Kilmainham Gaol is one of the stand-out tourist attractions in Dublin, but because it isn’t central perhaps doesn’t receive the attention that other areas in Dublin do. It’s situated to the west of the city, and in an area more suburban than those that host other attractions such as Dublin Castle or the infamous Temple Bar district. The gaol itself is one of the stops on the hop on, hop off bus tour that is one of the best value for money things to do in Dublin, and was the reason why I found myself standing outside the railing looking into its forbidding courtyard.
Kilmainham Gaol, looks grim from the outside, and it’s supposed to, being constructed of the same grey rock that many of the buildings in the city are built from. The entrance is flanked by an imposing archway, and in the 19th century was an attraction in its own right as people flocked to watch public hangings on the scaffold outside until the middle of that century when they were moved indoors.
The story of the gaol is one of suffering and neglect in the main. Built in 1797 as a replacement for the old gaol, a dank and cold dungeon, it was overcrowded almost from the moment it was completed as crime in the city climbed quickly as people flooded into it from all over Ireland, increasing the population from barely 40,000 to over a million in a few years.
Walking in through the entrance, the oppressive nature of the architecture is felt. Paying my money, I wandered into the museum at the start of the tour and saw informative displays of the whole range of prison life, from food rationing to the prison photo apparatus that recorded each inmate’s arrival. On the first floor, an exhibition of the impact of the 1916 rising, with original letters and clothing made for an impressive beginning.
The main purpose of the museum is to tell the story of how people survived in a cold, dark and wet prison, often six to a cell built for one, and the various improvements (such as enclosing the barred windows with glass) that tried to improve the mortality rate that ranged from the shocking to merely unacceptable. The guide mentioned that people were so desperate by the time of the Great Potato Famine, when the crop failed completely, that they would commit any crime to enter the prison and receive a meagre amount of food and a roof against the elements. Looking around the oldest part of the gaol, their desperation when staying in the prison, and the fact it was a better alternative than freedom, was really shocking.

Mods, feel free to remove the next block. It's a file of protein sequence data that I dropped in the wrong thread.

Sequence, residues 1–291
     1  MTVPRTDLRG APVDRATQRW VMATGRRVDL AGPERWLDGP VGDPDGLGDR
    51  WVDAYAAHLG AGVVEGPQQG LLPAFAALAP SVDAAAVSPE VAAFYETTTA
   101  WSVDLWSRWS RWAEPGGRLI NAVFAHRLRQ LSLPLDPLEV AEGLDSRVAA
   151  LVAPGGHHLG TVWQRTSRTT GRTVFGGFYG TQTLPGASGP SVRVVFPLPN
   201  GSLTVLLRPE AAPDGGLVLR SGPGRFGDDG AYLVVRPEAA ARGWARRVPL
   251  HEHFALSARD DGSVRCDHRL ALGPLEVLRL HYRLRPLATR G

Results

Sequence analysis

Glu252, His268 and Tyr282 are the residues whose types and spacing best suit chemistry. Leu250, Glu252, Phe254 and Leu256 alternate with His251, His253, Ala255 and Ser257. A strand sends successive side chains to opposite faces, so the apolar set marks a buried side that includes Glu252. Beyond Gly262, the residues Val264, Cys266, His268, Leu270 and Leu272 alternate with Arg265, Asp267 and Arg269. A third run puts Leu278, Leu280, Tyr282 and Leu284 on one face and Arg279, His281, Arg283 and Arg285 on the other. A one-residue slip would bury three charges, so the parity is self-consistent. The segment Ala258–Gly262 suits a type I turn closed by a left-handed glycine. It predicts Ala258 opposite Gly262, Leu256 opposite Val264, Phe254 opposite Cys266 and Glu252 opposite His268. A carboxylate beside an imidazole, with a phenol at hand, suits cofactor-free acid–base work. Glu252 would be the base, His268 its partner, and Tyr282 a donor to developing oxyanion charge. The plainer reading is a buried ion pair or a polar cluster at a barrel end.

The main point of the tour is the events directly after the Easter Rising in 1916. I knew the vaguest outline of what happened, but Kilmainham Gaol stands as a lasting memorial to the people who lost their lives in a struggle that look place in Easter week during 1916. For anyone who doesn’t know what happened, a proclamation was declared outside the General Post Office declaring Ireland a Free Republic (at the time it was still part of the United Kingdom), and many areas of the city were taken over by Irish volunteers. After a week of heavy fighting, much of the centre of Dublin was wrecked and the leaders of the rebellion arrested.
Those people were in the main, held in Kilmainham Gaol, and after trial sentenced to execution. Taken into the old rock breaking yard, they were shot by firing squad. Stories of a man being married in the chapel and then executed the next day, and of a man so ill with gangrene after being injured in the fighting that he was strapped to a chair to be shot contributed to much ill will from the Irish people towards the British Government. When several atrocities also came to light, carried out by a British officer later committed to an asylum, the seeds were planted for the Republic which was brought into being in 1922.
The gaol itself is a sad reminder of those times, with the condemned men’s cells toured, together with the place where they were shot. It’s a slightly lighter note that the main west wing, rebuilt in the Victorian era in a more enlightened time, has been used for many films, including the ORIGINAL Italian Job. I found the museum incredibly moving, and great value for money at only 6 euros for the whole tour and access to the museum itself. The staff were friendly and obviously proud of the restored facility as they should be. It was both a sobering but absorbing visit that stands as a lasting memory to unhappier times. Very much recommended on any tour of Dublin.